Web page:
Adaptation, Not Mitigation, Should Inform India’s Climate Policy

Background:

  • Countries Across the world are gearing up for the 26th Conference of Parties (COP) to the UN Framework Convention on Climate Change (UNFCCC). At the forthcoming COP countries will be expected to increase the nationally determined commitments they made as part of that agreement.
  • Those original commitments would put the planet on track towards a 3 degrees centigrade temperature rise by the end of the current millennium. 3-degree centigrade is far beyond the 1.5-degree limit that science considers to be a relatively safe threshold.

Carbon Neutrality:

  • The European Union (EU), the UK, Japan and South Korea have announced more ambitious targets.
  • The EU and the UK have pledged to reduce their carbon emissions by 55 per cent in 2030 with 2000 as the base year. They have also pledged to achieve “carbon neutrality” or zero carbon emissions by
  • China has announced that it will achieve carbon neutrality by 2060 and this has been welcomed by other major economies.
  • It is anticipated that the Biden administration may engage with China to come up with a template for COP-26. That template did not take into account India’s interests despite China being part of the BASIC group of Brazil, South Africa, China and India. BASIC, as major emerging economies, had been taking coordinated positions at multilateral climate negotiations.
  • Going forward, India must delink itself from China, let BASIC become a consultative forum only and reconstruct a larger coalition of developing countries whose climate change goals are more aligned with its own. After Paris, BASIC has lost whatever rationale it originally possessed.

What India should do?

  • There will be some important international conferences before COP-26, where major efforts are expected to set down an agenda for that meeting.
  • In June there will be a G-7 summit of western countries and Japan to which India has been invited.
  • The UK has let it be known that climate change would be at the top of the summit agenda.
  • Both for India and other developing countries, it is important that mitigation does not overshadow other key elements of the Paris Climate agreement.
  • There has been step-motherly treatment of adaptation, which is a bigger challenge for most developing countries than mitigation is.
  • Adaptation should have equal billing with mitigation whenever and wherever climate change action is being deliberated upon. India may find itself under pressure to commit to decisions that limit rather than enhance its development prospects.
  • One should not yield to pressures to declare a peaking year for India’s carbon emissions or to follow China into declaring a target year for carbon neutrality. There is a relentless effort by the US and Western European countries to include climate change on the UN Security Council (UNSC) agenda.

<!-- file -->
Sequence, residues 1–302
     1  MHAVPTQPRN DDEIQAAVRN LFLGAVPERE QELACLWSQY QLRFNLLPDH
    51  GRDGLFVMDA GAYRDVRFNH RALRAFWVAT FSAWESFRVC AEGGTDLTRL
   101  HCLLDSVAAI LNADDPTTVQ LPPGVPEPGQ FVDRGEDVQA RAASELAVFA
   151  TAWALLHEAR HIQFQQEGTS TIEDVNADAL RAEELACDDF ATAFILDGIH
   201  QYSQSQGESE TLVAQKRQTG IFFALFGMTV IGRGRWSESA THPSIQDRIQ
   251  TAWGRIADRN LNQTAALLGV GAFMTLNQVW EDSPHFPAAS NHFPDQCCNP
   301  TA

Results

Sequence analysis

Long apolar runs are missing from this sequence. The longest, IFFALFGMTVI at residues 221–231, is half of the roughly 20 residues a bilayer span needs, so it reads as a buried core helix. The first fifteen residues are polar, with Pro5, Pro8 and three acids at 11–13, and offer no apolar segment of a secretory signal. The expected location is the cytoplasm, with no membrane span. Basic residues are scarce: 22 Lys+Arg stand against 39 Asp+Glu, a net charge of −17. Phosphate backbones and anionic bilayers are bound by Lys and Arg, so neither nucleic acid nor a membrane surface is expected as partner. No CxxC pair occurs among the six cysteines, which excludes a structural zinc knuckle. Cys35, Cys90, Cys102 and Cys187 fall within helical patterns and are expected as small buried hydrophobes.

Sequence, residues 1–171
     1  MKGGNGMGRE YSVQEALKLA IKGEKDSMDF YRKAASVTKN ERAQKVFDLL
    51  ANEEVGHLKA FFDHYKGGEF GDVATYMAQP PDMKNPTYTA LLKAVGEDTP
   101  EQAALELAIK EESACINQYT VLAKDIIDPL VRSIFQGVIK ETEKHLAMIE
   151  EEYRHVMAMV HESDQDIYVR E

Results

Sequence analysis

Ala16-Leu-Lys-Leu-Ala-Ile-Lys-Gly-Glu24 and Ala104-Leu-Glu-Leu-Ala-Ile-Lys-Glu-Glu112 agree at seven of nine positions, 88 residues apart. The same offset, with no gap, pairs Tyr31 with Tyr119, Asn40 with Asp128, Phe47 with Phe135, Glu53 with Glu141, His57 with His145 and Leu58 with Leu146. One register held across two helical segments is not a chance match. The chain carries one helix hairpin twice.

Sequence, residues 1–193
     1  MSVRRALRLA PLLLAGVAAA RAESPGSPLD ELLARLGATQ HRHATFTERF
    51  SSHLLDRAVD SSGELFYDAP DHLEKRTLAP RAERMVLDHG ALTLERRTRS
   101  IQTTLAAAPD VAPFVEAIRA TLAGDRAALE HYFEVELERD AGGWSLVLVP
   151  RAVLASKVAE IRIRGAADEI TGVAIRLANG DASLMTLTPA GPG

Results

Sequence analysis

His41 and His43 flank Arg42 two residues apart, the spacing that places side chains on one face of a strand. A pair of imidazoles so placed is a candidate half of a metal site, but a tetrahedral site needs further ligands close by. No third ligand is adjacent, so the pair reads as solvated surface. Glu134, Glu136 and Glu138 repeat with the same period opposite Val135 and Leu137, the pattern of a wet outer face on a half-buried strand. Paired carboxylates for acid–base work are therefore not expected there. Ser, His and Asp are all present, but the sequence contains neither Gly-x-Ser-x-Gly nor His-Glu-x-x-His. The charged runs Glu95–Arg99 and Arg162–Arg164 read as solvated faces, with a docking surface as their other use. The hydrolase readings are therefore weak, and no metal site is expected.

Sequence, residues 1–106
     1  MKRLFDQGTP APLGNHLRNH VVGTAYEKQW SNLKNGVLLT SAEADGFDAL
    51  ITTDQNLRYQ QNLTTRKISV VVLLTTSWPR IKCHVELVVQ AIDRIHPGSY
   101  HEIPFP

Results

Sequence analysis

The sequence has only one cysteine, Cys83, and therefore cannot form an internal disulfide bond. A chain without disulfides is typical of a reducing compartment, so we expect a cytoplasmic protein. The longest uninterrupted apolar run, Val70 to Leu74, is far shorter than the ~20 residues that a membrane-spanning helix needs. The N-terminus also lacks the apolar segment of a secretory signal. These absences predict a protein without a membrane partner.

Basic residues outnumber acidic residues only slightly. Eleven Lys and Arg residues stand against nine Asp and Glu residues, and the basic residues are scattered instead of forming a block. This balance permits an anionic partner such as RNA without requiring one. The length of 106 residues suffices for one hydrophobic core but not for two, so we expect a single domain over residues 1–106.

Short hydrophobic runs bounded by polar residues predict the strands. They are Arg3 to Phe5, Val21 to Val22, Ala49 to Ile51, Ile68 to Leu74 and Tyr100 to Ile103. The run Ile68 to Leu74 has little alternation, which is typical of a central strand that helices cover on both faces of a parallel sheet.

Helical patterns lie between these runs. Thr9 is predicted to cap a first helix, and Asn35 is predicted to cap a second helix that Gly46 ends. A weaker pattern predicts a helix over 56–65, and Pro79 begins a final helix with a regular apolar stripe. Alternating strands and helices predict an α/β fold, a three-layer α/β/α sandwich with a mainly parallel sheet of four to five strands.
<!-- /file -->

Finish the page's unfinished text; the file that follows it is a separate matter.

• At a recent UNSC meeting, this was strongly opposed by Russia and by India.
  • We will need to work out a persuasive case for opposing it since a large number of countries seem to believe that climate change is indeed a security issue and needs to be treated as such.
  • The potentially menacing intent behind it should be exposed.

Question of Finance?

  • The developed countries had committed themselves to providing $100 billion a year in climate finance to developing countries up to 2020. There was a pledge to increase the size of this funding significantly in the period 2021-2025. Even by the very accommodative accounting methods used by the OECD, the actual flows have fallen far short, being only $79 billion in 2018.
  • Our own ministry of finance has estimated that there has been only a billion dollars in new and additional finance transferred to developing countries annually against the $100 billion pledge.
  • It is therefore important for India to high light the finance component.
  • This will also enable the mobilisation of other developing countries, in particular small and medium countries and small island developing states. These countries look up to India to provide intellectual leadership in a domain that is often quite technical and complex.

Conclusion

  • It is evident that India needs to fashion a fresh strategy on climate change negotiations to safeguard its interests, contribute to a global climate regime that enhances and does not diminish India’s development prospects and helps the country both to adapt to climate change that is already taking place and to accelerate its transition to a low carbon growth trajectory.